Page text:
Stockmartnet launches bureau service for online trading

Hong Kong broker consortium links up with IBM to provide small and medium brokers access to infrastructure and hosting services.

Stockmartnet Holdings, a group founded by 10 Hong Kong brokers that counts a further 164 brokers as members, has signed a technology infrastructure and web hosting deal with IBM. The platform will provide subscribers with the necessary resources to offer efficient real time stock trading through a direct connection to the Stock Exchange of Hong Kong. 

Through the IBM partnership, Stockmartnet will be able to offer its members and other subscribers network connectivity, hardware, system integration and hosting services, and training for brokers.

Stockmartnet was formed last year with the aim of helping its member brokers move into the electronic age without the prohibitive cost of major infrastructure investments. Through bringing together many smaller firms, Stockmartnet also hopes to help its members move into business areas that previously weren’t possible due to their small size. Underwriting of new share issues or private placements are just some of the areas the group hopes to participate in.

Strength in numbers

The Stock Exchange of Hong Kong categorizes brokers into three levels, each accounting for approximately one third of market share. Category A holds the top 14 brokers, Category B, the next 50, and category C the rest. Members of Stockmartnet account for 14% of Category B brokers and the group’s total membership accounts for 20% of the exchange’s volume.

This makes it easier, not only to break into new business areas, but also to negotiate better deals with hardware and software vendors, says Anthony Espina, managing director of Goldride Holdings - a member of Stockmartnet.

The outsourcing of technology requirements is a growing trend and in the case of smaller brokers there are several models emerging. Some technology companies have set themselves up application service providers (ASP), and offer individual clients (brokers) access to their hardware and software, sometimes with a certain amount of customization. Another model sees brokers banding together and making an equity investment in a separate entity that will take care of their technology needs. This is the basics of Stockmartnet and is also similar to FastHUB in Singapore, for which IBM also provides infrastructure and hosting.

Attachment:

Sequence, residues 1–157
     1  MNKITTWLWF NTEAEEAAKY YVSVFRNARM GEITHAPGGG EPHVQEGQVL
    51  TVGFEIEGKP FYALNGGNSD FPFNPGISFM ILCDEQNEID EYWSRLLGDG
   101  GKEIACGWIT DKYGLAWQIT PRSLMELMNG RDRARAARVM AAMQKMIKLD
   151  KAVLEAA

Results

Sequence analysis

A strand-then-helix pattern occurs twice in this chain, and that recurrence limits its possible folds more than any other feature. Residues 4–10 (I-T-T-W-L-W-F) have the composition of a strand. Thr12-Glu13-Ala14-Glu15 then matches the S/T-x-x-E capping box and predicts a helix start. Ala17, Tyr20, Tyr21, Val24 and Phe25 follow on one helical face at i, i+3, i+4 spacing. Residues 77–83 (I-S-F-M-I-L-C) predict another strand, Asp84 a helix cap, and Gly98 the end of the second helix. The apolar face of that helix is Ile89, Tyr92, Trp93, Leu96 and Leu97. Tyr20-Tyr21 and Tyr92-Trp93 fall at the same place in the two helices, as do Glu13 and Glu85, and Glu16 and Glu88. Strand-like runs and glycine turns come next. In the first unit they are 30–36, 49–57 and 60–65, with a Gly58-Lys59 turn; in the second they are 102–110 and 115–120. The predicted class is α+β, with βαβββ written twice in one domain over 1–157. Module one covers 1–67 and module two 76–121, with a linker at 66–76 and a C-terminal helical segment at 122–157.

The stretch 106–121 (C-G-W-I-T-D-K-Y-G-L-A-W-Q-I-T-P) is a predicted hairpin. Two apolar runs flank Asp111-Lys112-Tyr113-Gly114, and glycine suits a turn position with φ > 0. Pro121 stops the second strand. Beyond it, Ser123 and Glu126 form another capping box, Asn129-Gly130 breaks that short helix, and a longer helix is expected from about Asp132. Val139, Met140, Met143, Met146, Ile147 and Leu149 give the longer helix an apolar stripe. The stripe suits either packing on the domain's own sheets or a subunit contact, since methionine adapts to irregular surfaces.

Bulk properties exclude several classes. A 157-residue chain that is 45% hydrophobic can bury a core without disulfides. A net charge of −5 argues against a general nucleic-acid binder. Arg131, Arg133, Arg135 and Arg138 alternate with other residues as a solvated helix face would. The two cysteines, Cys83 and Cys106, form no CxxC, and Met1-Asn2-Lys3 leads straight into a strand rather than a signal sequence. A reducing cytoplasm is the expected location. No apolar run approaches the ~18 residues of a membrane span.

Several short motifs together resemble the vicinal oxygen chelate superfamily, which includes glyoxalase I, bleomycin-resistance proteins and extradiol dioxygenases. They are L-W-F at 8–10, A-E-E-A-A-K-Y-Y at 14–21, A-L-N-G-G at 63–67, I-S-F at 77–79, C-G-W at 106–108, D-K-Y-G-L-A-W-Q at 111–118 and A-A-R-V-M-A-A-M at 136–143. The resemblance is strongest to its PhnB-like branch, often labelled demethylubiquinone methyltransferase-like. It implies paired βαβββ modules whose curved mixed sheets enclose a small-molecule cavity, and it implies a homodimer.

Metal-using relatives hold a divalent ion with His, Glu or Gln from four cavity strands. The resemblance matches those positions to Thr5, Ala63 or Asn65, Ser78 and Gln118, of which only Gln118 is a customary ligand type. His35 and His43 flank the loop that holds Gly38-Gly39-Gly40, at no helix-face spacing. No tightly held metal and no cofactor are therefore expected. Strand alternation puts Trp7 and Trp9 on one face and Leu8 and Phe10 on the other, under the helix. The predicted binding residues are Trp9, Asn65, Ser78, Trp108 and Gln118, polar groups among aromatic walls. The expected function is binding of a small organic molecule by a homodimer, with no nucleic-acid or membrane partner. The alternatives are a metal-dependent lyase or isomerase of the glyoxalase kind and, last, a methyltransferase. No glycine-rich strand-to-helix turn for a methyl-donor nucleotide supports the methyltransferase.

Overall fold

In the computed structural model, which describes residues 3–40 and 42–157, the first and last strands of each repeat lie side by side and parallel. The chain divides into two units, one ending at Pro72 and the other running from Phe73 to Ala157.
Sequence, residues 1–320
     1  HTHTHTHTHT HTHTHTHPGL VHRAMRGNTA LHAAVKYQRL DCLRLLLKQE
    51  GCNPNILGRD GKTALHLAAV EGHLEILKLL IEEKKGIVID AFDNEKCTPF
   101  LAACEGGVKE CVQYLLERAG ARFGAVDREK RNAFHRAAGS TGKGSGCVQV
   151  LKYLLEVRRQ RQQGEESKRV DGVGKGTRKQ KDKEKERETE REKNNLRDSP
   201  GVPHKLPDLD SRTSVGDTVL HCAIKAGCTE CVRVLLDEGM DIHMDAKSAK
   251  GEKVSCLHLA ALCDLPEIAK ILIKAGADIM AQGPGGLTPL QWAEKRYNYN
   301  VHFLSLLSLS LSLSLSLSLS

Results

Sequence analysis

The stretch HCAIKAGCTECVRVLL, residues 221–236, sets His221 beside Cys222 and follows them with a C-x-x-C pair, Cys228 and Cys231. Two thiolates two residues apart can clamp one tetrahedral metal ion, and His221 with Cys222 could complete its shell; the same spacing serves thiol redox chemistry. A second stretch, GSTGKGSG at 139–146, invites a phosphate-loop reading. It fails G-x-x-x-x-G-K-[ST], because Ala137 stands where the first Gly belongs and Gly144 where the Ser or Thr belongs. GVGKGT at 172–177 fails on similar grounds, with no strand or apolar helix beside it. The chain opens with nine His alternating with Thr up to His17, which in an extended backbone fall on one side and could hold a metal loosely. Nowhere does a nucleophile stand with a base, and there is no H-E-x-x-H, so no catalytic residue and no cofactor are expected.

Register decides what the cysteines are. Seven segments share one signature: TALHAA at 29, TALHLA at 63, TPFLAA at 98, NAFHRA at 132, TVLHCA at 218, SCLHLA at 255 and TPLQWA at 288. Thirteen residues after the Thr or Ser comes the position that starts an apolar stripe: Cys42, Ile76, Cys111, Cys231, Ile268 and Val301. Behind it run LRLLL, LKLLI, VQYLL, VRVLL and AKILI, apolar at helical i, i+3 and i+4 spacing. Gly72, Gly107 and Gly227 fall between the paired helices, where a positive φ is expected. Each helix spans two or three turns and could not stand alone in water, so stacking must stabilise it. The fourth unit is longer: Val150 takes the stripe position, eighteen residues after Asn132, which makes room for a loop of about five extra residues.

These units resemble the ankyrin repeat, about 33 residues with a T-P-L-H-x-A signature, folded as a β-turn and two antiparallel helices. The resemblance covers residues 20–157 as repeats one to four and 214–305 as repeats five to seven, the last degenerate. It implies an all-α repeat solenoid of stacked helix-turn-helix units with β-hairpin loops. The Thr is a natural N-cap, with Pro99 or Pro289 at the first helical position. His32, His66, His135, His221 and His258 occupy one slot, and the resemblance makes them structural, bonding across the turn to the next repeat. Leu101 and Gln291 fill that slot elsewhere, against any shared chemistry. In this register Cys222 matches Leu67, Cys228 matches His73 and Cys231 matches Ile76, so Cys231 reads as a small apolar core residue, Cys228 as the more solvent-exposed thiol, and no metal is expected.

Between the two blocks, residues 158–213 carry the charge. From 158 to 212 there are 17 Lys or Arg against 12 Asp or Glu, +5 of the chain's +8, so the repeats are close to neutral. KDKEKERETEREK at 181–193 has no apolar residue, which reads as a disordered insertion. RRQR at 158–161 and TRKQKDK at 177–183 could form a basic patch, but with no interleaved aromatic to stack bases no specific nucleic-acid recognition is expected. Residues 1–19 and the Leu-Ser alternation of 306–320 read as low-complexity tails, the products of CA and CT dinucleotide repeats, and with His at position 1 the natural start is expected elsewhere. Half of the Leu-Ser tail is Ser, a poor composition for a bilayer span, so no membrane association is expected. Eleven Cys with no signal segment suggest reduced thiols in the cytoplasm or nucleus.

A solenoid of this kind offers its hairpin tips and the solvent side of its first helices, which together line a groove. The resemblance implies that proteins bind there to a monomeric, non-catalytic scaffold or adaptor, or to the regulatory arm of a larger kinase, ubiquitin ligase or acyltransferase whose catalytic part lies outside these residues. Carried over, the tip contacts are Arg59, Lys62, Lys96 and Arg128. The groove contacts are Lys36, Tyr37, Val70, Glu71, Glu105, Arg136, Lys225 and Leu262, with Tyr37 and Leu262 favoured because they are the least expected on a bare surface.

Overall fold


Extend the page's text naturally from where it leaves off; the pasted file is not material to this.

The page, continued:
Some vendors of trading systems have formed partnerships with data centres to offer a full outsourcing service to securities houses. For example, Brokat has teamed up with the Business-to-Business Service unit at  PCCW’s, and iAsia offers systems hosted by  iLink, which recently listed on GEM. SEHK is also promoting its own Order Routing System (ORS) that clients who have installed the exchange’s Multi Work Station (MWS) can use for receiving orders though fixed-line internet or mobile channels.

But the exchange’s system is limited by the number of terminals, or workstations, that it supports. Although most brokers describe the MWS as a good back-up service, it can only really support five or six terminals. While this works well for Hong Kong’s very small brokers, most will need additional resources. Espina says most members of Stockmartnet would be running no less than 15 terminals, and the IBM platform can provide what they need at a reasonable cost. That cost, a monthly subscription fee, will be revealed at a meeting of Stockmartnet members this Friday.

Another advantage is that the service gives the brokers, and their clients over the internet, access to the broker queue. This is an important point, says Espina, if brokers want to capture the growing market of day traders in Hong Kong.